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Characterization of Human Health and Wildlife Risks from Mercury Exposure in the United States

By Environmental Protection Agency

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Book Id: WPLBN0000041665
Format Type: PDF eBook
File Size: 0.8 MB
Reproduction Date: 2007
Full Text

Title: Characterization of Human Health and Wildlife Risks from Mercury Exposure in the United States  
Author: Environmental Protection Agency
Volume:
Language: English
Subject: Ecology, Natural resource issues, Environemtal protection
Collections: Environmental Awareness Library Collection
Historic
Publication Date:
Publisher: United States Environmental Protection Agency

Citation

APA MLA Chicago

Agency, E. P. (n.d.). Characterization of Human Health and Wildlife Risks from Mercury Exposure in the United States. Retrieved from http://cn.ebooklibrary.org/


Description
Excerpt: A study of Iraqi populations by Marsh et al. (1987) was chosen as the most appropriate study for determination of an RfD protective of a putative sensitive subpopulation, namely infants born to mothers exposed to methylmercury during gestation. This report described neurologic abnormalities observed in progeny of women who consumed bread prepared from methylmercury-treated seed grain while pregnant. Among the signs noted in the infants exposed during fetal development were cerebral palsy, altered muscle tone and deep tendon reflexes, as well as delayed developmental milestones (i.e., walking by 18 months and talking by 24 months). The data collected by Marsh et al. (1987) summarize clinical neurologic signs of 81 mother and child pairs. From x-ray fluorescent spectrometric analysis of selected regions of maternal scalp hair, concentrations ranging from 1 to 674 parts per million (ppm) mercury were determined, then correlated with clinical signs observed in the affected members of the motherchild pairs. Among the exposed population there were affected and unaffected individuals throughout the exposure range.

Table of Contents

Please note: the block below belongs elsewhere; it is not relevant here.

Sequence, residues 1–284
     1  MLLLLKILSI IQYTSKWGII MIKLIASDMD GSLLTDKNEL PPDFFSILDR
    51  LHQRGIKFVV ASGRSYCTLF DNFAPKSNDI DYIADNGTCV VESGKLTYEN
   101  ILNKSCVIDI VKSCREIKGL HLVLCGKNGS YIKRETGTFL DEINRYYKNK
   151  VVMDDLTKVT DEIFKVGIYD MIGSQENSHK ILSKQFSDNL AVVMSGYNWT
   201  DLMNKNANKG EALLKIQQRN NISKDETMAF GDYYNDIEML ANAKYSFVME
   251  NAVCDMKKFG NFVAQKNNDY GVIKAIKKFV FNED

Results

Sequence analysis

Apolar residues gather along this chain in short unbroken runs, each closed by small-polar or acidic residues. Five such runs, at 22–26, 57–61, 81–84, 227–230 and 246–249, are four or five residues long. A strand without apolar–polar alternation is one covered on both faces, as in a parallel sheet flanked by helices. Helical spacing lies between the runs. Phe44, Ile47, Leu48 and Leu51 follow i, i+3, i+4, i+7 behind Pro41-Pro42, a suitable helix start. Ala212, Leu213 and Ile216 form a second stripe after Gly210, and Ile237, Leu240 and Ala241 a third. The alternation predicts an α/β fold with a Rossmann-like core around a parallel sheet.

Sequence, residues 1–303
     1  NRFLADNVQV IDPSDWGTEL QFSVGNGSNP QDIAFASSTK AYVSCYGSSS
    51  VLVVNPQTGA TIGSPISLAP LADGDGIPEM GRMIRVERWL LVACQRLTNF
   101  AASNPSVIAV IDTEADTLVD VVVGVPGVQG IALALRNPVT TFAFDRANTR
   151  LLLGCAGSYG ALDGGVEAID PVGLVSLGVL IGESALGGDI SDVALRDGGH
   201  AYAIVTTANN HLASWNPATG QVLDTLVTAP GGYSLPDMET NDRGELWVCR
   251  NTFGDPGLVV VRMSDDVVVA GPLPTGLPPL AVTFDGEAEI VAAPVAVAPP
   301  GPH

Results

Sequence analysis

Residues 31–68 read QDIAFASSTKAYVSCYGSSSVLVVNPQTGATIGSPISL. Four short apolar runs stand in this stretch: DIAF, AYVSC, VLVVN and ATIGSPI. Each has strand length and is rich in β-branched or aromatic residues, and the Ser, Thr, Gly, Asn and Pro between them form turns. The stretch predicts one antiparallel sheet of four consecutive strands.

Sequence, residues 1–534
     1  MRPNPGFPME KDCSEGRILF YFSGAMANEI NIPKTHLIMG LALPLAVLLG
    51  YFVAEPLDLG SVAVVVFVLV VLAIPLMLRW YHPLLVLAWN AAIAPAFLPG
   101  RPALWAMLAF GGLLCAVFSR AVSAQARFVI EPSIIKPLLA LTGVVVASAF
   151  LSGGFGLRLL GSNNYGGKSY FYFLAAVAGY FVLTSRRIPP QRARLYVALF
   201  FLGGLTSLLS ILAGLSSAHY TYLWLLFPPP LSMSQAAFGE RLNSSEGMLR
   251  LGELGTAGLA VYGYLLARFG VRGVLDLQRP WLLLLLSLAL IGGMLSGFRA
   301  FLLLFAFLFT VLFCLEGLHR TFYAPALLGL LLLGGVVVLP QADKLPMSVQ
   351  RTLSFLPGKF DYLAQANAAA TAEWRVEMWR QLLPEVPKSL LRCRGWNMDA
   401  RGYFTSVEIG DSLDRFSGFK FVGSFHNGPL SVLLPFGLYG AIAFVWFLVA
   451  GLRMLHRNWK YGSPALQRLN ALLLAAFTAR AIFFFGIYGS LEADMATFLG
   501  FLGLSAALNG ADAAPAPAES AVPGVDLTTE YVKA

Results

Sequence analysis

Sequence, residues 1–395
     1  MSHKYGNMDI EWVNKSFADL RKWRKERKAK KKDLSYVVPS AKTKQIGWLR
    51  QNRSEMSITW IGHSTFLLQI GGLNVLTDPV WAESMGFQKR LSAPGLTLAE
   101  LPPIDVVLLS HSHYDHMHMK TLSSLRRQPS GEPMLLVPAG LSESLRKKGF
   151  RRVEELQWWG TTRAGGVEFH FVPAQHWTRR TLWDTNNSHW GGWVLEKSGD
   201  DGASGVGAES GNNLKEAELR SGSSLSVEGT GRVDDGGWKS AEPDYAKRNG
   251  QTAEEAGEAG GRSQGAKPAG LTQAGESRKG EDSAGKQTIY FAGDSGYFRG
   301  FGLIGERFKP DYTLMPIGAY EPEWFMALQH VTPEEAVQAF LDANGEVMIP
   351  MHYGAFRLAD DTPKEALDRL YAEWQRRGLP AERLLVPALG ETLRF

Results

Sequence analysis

TABLE OF CONTENTS Page U.S. EPA AUTHORS . . . . . . . . . . . . . . . . . . . . . . . . . . . . . . . . . . . . . . . . . . . . . . . . . . . . . . . . . . . . . . . . iii SCIENTIFIC PEER REVIEWERS . . . . . . . . . . . . . . . . . . . . . . . . . . . . . . . . . . . . . . . . . . . . . . . . . . . . . . iv WORK GROUP AND U.S. EPA/ORD REVIEWERS . . . . . . . . . . . . . . . . . . . . . . . . . . . . . . . . . . . . . . vii LIST OF TABLES . . . . . . . . . . . . . . . . . . . . . . . . . . . . . . . . . . . . . . . . . . . . . . . . . . . . . . . . . . . . . . . . . . viii LIST OF FIGURES . . . . . . . . . . . . . . . . . . . . . . . . . . . . . . . . . . . . . . . . . . . . . . . . . . . . . . . . . . . . . . . . . . ix LIST OF SYMBOLS, UNITS AND ACRONYMS . . . . . . . . . . . . . . . . . . . . . . . . . . . . . . . . . . . . . . . . . x 1. INTRODUCTION . . . . . . . . . . . . . . . . . . . . . . . . . . . . . . . . . . . . . . . . . . . . . . . . . . . . . . . . . . . 1-1 2. HUMAN HEALTH EFFECTS: HAZARD IDENTIFICATION AND DOSERESPONSE . . . . . . . . . . . . . . . . . . . . . . . . . . . . . . . . . . . . . . . . . . . . . . . . . . . . . . . . . . . . . . . . 2-1 2.1 Health Hazards Associated with Mercury Exposure . . . . . . . . . . . . . . . . . . . . . . . . . . . 2-1 2.2 Dose-Response to Methylmercury . . . . . . . . . . . . . . . . . . . . . . . . . . . . . . . . . . . . . . . . 2-3 2.2.1 Calculation of Methylmercury RfD . . . . . . . . . . . . . . . . . . . . . . . . . . . . . . . . . 2-3 2.2.2 Human Dose-Response Issues . . . . . . . . . . . . . . . . . . . . . . . . . . . . . . . . . . . . . 2-7 2.3 Uncertainty in the Human Health RfD for Methylmercury . . . . . . . . . . . . . . . . . . . . 2-15 2.3.1 Qualitative Discussion of Uncertainties in the RfD for Methylmercury Alternate Analyses . . . . . . . . . . . . . . . . . . . . . . . . . . . . . . . . . . . . . . . . . . . . . 2-15 2.3.2 Quantitative Analysis of Uncertainty in the Methylmercury RfD . . . . . . . . . 2-18 3. RISK CHARACTERIZATION FOR WILDLIFE . . . . . . . . . . . . . . . . . . . . . . . . . . . . . . . . . . . 3-1 3.1 Scope of the Risk Assessment . . . . . . . . . . . . . . . . . . . . . . . . . . . . . . . . . . . . . . . . . . . . 3-1 3.2 Exposure of Piscivorous Wildlife to Mercury . . . . . . . . . . . . . . . . . . . . . . . . . . . . . . . . 3-1 3.2.1 Estimation of Current Average Exposure to Piscivorous Wildlife on a Nationwide Basis . . . . . . . . . . . . . . . . . . . . . . . . . . . . . . . . . . . . . . . . . . . . . . . 3-2 3.2.2 Estimation of Mercury Deposition on a Regional Scale (40 km grid) and Comparison of These Deposition Data with Species Distribution Information 3-2 3.2.3 Estimation of Mercury Exposure on a Local Scale in Areas Near Emissions Point Sources . . . . . . . . . . . . . . . . . . . . . . . . . . . . . . . . . . . . . . . . . . . . . . . . . . . . . . . 3-4 3.3 Effects Assessment for Mercury . . . . . . . . . . . . . . . . . . . . . . . . . . . . . . . . . . . . . . . . . . 3-5 3.4 Risk Assessment for Mercury . . . . . . . . . . . . . . . . . . . . . . . . . . . . . . . . . . . . . . . . . . . . 3-5 3.5 Risk of Mercury from Airborne Emissions to Piscivorous Avian and Mammalian Wildlife . . . . . . . . . . . . . . . . . . . . . . . . . . . . . . . . 3-7 3.5.1 Lines of Evidence . . . . . . . . . . . . . . . . . . . . . . . . . . . . . . . . . . . . . . . . . . . . . . . 3-7 3.5.2 Risk Statements . . . . . . . . . . . . . . . . . . . . . . . . . . . . . . . . . . . . . . . . . . . . . . . . 3-7 4. CHARACTERIZATION OF FATE OF ENVIRONMENTAL MERCURY . . . . . . . . . . . . . . 4-1 4.1 The Modeling Analysis . . . . . . . . . . . . . . . . . . . . . . . . . . . . . . . . . . . . . . . . . . . . . . . . . 4-1 4.1.1 Study Design of the Modeling Analysis . . . . . . . . . . . . . . . . . . . . . . . . . . . . . . 4-1 4.1.2 Long-Ran